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Child Abuse Negl. 2001 Aug;25(8):1109-20.

The relationship between the transverse hymenal orifice diameter by the separation technique and other possible markers of sexual abuse.

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School of Medicine, University of North Carolina at Chapel Hill, USA.



To evaluate the relationship between the transverse hymenal orifice diameter as measured by separation technique (THODST), using a method that maximized the diameter of the hymenal orifice, and other possible markers of sexual abuse in girls from 3 through 12 years old.


Over a 10-year period, clinical information was recorded on girls referred to the WakeMed Child Sexual Abuse Team in Raleigh, NC at the time of examination. The study population comprised 1975 girls of the 2058 evaluated for sexual abuse. The girls were interviewed, examined, and tested for sexually transmitted diseases. Information from referral sources, accompanying guardians, and previous recent physical examinations was recorded. The girls were assigned to three groups based upon their risk of being sexually abused. Linear regression was performed to evaluate how well the THODST distinguished between the risk groups, as well as how it was correlated with individual established markers of sexual abuse.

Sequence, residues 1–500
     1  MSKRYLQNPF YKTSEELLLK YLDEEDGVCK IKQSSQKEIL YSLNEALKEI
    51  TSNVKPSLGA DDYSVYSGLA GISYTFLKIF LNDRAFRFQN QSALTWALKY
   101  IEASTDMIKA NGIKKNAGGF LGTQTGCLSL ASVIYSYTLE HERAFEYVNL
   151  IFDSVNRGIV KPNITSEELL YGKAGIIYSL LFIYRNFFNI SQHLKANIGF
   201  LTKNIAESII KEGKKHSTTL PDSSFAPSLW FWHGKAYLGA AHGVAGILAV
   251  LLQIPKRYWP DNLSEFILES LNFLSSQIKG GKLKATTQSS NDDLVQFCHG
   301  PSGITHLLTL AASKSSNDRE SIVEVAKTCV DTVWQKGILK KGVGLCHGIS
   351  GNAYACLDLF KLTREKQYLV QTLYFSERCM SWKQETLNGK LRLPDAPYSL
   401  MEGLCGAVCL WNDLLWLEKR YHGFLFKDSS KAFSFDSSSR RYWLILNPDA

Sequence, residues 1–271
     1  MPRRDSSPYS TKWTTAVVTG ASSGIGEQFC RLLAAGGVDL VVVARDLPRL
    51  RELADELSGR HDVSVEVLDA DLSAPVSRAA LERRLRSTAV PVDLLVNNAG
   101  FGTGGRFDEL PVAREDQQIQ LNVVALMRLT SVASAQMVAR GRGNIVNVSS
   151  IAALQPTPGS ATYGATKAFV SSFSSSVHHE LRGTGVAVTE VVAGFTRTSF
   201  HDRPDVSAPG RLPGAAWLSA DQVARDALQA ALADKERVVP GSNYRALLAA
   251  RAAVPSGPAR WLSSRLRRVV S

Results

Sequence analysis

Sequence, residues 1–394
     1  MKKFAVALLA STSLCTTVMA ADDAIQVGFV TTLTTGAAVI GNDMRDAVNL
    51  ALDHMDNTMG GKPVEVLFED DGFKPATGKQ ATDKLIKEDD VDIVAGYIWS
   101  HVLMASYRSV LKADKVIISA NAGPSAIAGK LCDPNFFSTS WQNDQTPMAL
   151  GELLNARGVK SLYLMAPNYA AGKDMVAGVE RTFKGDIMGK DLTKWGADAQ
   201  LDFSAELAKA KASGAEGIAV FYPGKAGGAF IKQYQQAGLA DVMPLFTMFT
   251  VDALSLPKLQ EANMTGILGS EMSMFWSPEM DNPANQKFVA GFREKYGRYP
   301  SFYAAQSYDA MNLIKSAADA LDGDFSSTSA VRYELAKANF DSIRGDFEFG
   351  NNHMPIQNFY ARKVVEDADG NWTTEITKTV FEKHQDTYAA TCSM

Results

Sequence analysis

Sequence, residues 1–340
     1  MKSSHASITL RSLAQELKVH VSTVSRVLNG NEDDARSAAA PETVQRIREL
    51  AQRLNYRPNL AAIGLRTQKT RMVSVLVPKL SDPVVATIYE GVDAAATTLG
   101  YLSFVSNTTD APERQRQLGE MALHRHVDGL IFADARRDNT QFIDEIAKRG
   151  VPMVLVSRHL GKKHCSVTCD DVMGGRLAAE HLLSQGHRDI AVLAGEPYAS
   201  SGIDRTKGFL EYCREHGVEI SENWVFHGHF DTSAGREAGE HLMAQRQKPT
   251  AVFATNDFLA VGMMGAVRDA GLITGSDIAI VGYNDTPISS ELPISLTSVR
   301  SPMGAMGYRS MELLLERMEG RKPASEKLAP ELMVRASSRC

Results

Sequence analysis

The size of the THODST did not distinguish between the three risk groups, nor did it correlate with any potential or established markers of sexual abuse other than three potential markers of hymenal trauma: narrowing of the posterior hymenal rim, hymenal tears and lacerations, and hymenal clefts between 5 and 7 o'clock in the supine position.


Thus, we found the THODST as we measured it to have no value for answering the question, "Was this child sexually abused?"

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